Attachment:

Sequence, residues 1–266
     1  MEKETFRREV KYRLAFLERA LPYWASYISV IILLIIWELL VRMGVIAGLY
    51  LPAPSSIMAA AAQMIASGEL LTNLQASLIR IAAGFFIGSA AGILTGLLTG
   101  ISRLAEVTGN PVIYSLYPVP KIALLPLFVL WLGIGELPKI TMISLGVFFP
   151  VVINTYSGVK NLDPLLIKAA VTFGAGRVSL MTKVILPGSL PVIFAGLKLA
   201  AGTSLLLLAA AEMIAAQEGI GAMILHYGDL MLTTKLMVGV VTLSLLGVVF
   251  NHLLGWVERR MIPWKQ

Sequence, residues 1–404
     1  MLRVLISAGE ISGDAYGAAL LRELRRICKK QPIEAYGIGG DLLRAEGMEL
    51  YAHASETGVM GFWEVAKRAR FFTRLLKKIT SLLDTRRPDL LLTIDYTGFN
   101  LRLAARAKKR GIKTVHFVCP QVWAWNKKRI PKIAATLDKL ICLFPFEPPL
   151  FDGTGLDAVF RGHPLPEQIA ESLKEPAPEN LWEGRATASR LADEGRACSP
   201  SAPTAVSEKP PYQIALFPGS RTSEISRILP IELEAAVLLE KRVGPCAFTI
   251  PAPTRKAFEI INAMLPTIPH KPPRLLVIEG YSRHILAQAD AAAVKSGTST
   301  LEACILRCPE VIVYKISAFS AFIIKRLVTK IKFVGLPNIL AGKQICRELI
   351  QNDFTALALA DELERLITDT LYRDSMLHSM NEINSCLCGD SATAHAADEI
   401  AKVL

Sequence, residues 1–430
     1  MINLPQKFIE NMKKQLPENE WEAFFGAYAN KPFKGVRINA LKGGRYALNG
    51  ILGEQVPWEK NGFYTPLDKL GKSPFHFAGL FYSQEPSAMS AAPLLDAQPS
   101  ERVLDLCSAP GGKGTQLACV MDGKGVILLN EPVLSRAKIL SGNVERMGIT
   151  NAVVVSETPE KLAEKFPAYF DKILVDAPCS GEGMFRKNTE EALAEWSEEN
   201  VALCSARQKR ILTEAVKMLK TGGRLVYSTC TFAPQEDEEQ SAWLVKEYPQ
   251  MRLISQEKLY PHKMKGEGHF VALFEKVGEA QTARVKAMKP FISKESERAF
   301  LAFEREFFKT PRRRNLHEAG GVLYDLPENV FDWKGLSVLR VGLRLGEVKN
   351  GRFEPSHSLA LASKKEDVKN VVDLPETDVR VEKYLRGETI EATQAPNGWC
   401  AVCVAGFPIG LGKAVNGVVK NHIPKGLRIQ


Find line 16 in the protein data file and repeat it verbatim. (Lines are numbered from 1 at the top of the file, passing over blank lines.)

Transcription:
   351  QNDFTALALA DELERLITDT LYRDSMLHSM NEINSCLCGD SATAHAADEI